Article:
- With a lot of help from my friend Jack, who was already in the technology business, he encouraged me to join him and start a company and we did it. That’s how I got started.
- When I started, I played the part I thought a businessperson or entrepreneur was. I was sort of acting. There were a few people, mentors I looked up to early in my career. I realized this is bullshit. I’ll not pretend to be whatever I thought people wanted me to be. The minute I let go of that, my life changed. My professional life changed profoundly.
Q: How would you counsel somebody on how to manifest that in their life? How does a young person find the courage to be their own self?
- On one hand, there are social norms and there are expectations for certain people in society, in business. We have to be aware of these things. However, being constrained by them is a mistake.
- I realize there’s an outrageous component of how I am, and my personality is natural. It comes from a passionate place, an excited place, sometimes from an angry place.
- We have to realize we have to take responsibility for our words and actions. Once I learned as a young man, if I was going to give myself permission to be fully self-expressed, I had to be responsible for it. I also had to realize how responsible I’d be for my words and actions.
- On one hand, “hey buddy! you’ve got to pay attention and be responsible.” On the other hand, let go and when you fuck up, you should have the courage to say “I’m sorry.” I sort of figured that out in my 20s.
Q: So you re-branded your podcast after you initially built it up. You re-branded it to “Follow your Different!” How did you come up with that and what does it mean to you to follow your different?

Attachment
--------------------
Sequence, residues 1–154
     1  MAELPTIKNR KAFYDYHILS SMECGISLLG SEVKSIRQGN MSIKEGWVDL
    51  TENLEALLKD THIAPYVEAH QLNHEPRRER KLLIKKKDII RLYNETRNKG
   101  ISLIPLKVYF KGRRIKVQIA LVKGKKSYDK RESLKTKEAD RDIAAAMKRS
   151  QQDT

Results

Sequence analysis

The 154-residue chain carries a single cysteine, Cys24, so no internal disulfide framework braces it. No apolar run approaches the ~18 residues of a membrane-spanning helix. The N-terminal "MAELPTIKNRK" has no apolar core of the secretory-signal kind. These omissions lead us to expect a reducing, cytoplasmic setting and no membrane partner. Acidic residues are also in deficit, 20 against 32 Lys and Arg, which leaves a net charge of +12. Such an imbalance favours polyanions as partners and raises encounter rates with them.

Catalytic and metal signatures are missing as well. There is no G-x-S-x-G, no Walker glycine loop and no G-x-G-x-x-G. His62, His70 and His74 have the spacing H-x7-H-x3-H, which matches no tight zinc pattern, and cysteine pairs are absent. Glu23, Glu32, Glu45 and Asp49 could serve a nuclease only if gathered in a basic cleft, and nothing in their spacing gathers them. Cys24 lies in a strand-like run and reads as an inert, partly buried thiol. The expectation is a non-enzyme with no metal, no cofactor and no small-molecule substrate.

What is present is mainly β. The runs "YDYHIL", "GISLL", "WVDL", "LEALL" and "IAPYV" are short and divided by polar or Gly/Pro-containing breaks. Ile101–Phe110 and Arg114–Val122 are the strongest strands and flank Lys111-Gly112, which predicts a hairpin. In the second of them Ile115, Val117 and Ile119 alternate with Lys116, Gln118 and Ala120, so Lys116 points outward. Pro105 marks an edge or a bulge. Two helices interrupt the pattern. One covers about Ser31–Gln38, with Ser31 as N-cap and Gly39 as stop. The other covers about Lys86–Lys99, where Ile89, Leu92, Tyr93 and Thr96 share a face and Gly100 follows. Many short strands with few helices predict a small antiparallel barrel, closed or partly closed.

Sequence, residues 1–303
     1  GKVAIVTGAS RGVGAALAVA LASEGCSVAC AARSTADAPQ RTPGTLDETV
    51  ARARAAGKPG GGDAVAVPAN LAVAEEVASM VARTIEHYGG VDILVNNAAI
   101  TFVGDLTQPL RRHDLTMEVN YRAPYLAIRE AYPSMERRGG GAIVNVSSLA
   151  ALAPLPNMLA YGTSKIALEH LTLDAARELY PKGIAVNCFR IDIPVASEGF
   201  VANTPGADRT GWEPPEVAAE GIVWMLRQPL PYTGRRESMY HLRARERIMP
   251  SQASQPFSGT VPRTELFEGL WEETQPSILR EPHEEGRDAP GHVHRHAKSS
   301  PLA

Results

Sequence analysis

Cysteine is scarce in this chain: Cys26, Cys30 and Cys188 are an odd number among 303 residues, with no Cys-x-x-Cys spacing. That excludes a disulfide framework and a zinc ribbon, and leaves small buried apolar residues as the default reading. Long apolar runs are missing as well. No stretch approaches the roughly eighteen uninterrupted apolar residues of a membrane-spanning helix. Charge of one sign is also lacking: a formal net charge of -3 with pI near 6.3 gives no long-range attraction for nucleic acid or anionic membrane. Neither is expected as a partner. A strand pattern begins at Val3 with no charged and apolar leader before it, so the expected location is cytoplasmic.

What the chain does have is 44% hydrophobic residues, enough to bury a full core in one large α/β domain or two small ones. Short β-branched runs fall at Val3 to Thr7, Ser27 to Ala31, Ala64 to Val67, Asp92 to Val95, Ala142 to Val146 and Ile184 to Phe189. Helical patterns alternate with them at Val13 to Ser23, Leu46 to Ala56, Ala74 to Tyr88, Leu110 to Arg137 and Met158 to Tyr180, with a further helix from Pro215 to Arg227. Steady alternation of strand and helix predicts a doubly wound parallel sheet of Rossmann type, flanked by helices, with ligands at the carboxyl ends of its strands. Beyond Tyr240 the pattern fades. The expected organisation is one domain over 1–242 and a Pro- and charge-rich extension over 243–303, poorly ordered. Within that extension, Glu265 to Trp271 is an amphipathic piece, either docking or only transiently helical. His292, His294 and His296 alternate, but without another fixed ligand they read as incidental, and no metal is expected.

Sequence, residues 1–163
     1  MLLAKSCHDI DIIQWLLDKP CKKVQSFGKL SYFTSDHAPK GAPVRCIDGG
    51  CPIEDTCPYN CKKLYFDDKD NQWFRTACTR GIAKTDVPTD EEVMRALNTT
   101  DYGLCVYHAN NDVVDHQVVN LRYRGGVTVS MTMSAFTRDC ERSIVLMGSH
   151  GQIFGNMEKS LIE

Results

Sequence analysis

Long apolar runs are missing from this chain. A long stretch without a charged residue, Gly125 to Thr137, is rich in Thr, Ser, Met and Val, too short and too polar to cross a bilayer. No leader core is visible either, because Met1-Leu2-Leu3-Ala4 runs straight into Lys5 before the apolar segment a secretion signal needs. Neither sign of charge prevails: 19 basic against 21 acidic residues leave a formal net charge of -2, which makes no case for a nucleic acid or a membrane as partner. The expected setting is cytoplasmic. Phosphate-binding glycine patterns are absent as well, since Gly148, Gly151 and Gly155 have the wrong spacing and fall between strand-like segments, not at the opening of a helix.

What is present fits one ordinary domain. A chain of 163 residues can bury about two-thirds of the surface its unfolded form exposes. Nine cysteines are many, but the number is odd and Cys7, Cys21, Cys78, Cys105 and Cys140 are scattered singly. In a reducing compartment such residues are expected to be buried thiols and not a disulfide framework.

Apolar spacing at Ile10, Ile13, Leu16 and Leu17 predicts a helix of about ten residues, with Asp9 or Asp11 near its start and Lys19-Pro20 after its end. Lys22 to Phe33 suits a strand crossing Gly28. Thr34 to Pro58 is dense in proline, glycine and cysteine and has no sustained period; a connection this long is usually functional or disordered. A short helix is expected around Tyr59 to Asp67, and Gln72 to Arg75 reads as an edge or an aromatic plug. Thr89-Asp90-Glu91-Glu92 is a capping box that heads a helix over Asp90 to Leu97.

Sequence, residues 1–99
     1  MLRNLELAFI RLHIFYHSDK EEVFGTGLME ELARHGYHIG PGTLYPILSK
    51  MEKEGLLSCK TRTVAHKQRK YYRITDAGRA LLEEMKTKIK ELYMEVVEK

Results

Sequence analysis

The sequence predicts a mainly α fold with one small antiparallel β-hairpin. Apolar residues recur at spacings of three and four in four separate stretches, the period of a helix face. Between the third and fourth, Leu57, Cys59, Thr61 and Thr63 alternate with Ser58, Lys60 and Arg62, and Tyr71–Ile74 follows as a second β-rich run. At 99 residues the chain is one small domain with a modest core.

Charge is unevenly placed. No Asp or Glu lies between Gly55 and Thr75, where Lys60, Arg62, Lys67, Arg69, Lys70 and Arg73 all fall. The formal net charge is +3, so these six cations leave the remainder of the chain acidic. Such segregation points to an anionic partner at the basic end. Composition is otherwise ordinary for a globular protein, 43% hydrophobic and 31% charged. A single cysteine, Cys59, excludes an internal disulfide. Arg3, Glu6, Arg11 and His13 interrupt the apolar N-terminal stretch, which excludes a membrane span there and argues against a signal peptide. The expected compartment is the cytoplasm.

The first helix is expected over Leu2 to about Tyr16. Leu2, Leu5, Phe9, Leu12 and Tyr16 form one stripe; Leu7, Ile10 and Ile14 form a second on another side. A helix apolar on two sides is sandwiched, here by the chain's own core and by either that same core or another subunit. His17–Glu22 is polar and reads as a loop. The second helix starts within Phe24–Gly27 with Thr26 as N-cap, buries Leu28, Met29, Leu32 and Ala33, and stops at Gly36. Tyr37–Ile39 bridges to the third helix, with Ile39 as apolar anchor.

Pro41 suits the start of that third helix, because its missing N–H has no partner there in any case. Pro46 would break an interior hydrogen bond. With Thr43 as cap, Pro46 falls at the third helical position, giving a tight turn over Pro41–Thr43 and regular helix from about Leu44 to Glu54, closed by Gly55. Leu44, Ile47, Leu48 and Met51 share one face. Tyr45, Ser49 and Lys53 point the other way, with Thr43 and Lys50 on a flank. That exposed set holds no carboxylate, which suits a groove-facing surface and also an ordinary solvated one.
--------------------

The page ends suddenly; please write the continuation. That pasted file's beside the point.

- On a personal level, we connect on our similarities in many ways which is great. Similarities are important.
- However, most of us want to be loved and accepted for what makes us unique. What makes us, us. It’s that different that I’m talking about. That’s on a personal side.
- In business, it turns out the most legendary entrepreneurs, creators, salespeople, innovators weren’t doing something that’s incrementally better. They were doing something that’s exponentially different.
- The people we admire the most are people who broke and took new ground. This is a celebration of the different people that make us uniquely us.
Q: I know we’re both pretty passionate about making the world a better place. When you think about that idea, that concept, what strikes you as the thing you’d like to make better about the world?
- It goes back to what we were talking about at the beginning; podcasting. I’m very concerned of what we saw in the last elections in the US. We’ve lost the ability to have authentic conversations and dialogues with each other.